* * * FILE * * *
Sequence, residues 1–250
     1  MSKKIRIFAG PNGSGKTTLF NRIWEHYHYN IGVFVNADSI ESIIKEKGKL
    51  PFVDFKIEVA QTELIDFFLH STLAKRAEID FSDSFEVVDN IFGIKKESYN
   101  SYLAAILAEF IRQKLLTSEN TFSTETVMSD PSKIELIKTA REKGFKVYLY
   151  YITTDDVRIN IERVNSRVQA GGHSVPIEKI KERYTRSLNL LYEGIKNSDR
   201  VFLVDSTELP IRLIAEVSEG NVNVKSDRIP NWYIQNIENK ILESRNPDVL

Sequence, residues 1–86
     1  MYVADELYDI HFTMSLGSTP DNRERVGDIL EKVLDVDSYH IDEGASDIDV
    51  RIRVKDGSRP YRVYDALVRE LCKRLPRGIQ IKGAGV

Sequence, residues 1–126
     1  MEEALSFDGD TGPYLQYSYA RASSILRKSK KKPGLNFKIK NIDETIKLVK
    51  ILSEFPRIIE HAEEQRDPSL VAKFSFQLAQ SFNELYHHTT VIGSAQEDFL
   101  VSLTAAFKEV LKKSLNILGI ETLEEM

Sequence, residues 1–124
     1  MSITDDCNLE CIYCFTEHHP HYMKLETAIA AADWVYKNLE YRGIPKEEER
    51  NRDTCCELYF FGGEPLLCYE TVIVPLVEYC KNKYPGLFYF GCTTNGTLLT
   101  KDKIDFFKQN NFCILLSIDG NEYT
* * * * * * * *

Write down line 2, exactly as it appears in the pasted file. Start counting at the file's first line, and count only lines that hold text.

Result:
     1  MSKKIRIFAG PNGSGKTTLF NRIWEHYHYN IGVFVNADSI ESIIKEKGKL